a showing of secondary meaning. It was far too broad/generalized, and it was
also the basic form of a product. To the extent that Sleevey sought to claim
the concept of a “sleeved undergarment” as trade dress, that’s “nothing more
than a basic description of the product and its function.”
Nor did the packaging and promotional materials fit within
the description of product design; allegations about the similarities in
packaging weren’t contained in the trade dress claim.
For the same reasons, the features Sleevey sought to protect
were functional. The sleeved undergarment design, combined with various colors,
shapes, fabrics, and material arrangements, was essential to the Sleevey
products’ purpose, “which is to provide women with a variety of sleeved
undergarments to pair with other short-sleeved apparel in order to create the
appearance of sleeves.” Sleevey pled that the purpose of Sleevey is to cover
“bare, flabby arms,” and to “give the appearance of the sleeveless over garment
having sleeves.” The “form-fitting” nature of the sleeved undergarments “serves
an important function as it relates to the overall look of the wearer’s outfit,
beyond a mere aesthetically-unique design. The same can be said of the
particular material used for each individual Sleevey product; consumers buy a
particular item of clothing not just because of its overall look but also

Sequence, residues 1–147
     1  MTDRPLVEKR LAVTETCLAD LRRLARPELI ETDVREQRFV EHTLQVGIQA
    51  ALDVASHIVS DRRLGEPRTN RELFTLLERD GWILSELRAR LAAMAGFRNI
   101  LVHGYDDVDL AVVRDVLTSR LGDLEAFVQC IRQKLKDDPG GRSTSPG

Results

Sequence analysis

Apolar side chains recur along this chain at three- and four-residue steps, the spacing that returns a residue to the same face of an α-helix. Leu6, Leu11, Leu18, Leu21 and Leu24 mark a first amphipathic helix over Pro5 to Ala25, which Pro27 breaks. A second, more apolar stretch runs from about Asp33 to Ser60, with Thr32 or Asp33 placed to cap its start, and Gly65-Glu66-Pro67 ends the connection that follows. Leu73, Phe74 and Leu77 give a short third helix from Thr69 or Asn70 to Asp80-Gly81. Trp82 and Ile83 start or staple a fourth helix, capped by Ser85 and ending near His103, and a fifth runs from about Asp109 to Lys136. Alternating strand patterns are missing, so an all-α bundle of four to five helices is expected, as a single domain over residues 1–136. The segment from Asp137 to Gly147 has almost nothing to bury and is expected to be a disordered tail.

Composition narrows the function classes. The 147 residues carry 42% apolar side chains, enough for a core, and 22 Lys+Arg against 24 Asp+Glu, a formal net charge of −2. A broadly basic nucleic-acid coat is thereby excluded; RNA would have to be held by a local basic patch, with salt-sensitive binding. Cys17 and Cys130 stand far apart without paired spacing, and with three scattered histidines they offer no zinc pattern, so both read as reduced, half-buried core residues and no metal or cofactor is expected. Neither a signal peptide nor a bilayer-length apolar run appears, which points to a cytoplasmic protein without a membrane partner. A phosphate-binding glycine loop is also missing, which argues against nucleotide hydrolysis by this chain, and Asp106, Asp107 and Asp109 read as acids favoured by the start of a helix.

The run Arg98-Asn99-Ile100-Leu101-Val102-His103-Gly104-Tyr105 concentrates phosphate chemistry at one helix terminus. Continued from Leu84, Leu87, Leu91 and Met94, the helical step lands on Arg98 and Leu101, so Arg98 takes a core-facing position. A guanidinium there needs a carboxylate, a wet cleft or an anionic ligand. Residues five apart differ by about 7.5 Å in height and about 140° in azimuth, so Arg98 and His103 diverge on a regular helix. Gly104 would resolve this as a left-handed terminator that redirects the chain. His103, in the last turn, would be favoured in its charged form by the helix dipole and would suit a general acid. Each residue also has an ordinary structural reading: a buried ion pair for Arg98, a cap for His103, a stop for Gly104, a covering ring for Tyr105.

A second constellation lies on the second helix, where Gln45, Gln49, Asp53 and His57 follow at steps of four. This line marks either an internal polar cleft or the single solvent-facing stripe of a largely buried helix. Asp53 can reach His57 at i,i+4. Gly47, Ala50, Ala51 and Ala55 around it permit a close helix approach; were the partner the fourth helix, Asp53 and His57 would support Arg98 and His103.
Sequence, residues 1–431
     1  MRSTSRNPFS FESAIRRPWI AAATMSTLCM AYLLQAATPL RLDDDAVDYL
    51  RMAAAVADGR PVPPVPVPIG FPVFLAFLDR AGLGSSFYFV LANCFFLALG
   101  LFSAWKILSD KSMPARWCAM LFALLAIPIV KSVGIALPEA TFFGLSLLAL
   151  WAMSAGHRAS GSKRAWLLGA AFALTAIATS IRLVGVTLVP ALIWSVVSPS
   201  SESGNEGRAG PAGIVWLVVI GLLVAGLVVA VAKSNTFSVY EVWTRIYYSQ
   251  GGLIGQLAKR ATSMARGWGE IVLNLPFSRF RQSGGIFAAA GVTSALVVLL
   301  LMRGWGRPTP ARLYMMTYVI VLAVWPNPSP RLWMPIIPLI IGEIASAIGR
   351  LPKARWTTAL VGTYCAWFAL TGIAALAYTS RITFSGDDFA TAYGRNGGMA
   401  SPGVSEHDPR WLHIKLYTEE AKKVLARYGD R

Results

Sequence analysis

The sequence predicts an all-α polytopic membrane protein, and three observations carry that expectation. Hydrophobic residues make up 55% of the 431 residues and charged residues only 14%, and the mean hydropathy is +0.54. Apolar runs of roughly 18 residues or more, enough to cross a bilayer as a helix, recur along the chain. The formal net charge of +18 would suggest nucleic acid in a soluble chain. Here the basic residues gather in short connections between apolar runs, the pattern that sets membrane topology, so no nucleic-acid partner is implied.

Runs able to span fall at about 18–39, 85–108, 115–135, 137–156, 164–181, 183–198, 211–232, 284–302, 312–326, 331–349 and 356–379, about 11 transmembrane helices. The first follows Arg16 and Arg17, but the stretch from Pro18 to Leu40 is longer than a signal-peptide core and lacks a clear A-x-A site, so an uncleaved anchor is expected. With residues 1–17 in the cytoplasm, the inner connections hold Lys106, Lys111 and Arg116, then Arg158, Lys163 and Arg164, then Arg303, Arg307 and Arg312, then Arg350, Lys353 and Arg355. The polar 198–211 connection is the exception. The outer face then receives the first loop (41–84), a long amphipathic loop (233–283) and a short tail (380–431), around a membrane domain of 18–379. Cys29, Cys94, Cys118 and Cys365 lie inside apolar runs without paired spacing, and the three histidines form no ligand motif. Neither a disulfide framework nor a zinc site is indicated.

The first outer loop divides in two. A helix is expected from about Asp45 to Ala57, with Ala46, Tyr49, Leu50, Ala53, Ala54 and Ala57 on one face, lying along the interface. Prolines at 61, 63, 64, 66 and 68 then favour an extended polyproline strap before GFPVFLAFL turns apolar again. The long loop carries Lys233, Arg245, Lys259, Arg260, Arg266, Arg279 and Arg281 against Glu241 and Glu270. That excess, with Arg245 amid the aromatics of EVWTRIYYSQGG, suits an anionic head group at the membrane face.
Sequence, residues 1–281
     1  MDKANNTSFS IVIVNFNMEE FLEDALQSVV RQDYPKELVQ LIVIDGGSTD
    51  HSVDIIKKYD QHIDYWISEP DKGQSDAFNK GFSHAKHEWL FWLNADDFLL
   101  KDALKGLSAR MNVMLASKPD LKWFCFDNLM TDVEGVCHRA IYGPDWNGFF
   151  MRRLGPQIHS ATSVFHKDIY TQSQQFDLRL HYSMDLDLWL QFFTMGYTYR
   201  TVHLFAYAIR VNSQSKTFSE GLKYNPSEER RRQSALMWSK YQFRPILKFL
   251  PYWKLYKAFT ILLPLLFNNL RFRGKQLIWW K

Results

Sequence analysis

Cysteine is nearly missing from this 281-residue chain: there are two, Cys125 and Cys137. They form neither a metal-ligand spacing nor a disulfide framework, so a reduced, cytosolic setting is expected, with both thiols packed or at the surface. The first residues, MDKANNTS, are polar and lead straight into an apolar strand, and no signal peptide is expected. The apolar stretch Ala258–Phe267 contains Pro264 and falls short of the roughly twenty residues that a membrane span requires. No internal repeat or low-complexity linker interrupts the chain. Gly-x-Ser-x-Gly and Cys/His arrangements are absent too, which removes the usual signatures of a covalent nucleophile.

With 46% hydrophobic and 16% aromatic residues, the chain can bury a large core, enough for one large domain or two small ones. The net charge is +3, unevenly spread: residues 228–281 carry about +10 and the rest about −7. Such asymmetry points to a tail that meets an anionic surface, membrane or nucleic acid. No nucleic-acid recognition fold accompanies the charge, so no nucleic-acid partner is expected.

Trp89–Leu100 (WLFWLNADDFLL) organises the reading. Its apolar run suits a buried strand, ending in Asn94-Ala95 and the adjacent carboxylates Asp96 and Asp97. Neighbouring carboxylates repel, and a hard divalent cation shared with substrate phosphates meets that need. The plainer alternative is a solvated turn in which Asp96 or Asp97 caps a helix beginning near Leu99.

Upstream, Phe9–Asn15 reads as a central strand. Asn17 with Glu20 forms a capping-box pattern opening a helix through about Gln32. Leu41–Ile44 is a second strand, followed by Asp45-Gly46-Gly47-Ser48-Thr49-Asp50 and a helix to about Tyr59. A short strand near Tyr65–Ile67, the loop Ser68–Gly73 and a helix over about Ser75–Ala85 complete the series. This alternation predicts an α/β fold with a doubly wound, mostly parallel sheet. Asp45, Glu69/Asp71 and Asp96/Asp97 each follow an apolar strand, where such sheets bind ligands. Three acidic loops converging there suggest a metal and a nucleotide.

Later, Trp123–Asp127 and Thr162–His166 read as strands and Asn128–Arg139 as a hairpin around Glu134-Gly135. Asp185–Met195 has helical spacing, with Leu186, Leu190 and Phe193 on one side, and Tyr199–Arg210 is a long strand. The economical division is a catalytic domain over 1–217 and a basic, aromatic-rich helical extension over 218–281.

because of its comfort and fit.” Because Sleevey sought protection for the
entire product line, “the general design and look of each individual Sleevey
product is undoubtedly functional.” Sleevey’s competitors, reciprocally, would
be placed at a significant disadvantage if the Sleevey product line were
treated as protectable trade dress.
Independently, Sleevey failed to plausibly allege secondary
meaning. (The court mentions inherent distinctiveness but of course that’s not
possible under Wal-Mart v. Samara.) Allegations that the Sleevey product
line has generated over $5.8 million in revenue, and that Sleevey products have
been worn by celebrities, showcased at trade shows, and featured in magazines, were
insufficient. Evidence of sales is not dispositive and “does not in itself
create legally protectable rights” in the product being sold; success in
promoting Sleevey as brand didn’t equate to secondary meaning in any feature of
the products themselves. “Plaintiff has not alleged that it sufficiently urged
consumers to associate any particular feature of the Sleevey products with the
Sleevey brand, other than by promoting the general design and purpose of
sleeved undergarments in its advertisements.”
Likely confusion: Sleevey didn’t plausibly plead likely
confusion.  It provided two examples of
alleged consumer confusion, one of which was allegedly consumer comments on Spanx’s
Instagram page regarding the similarities between Sleevey products worn by an
actress in a television show and Spanx products. There was also a comment on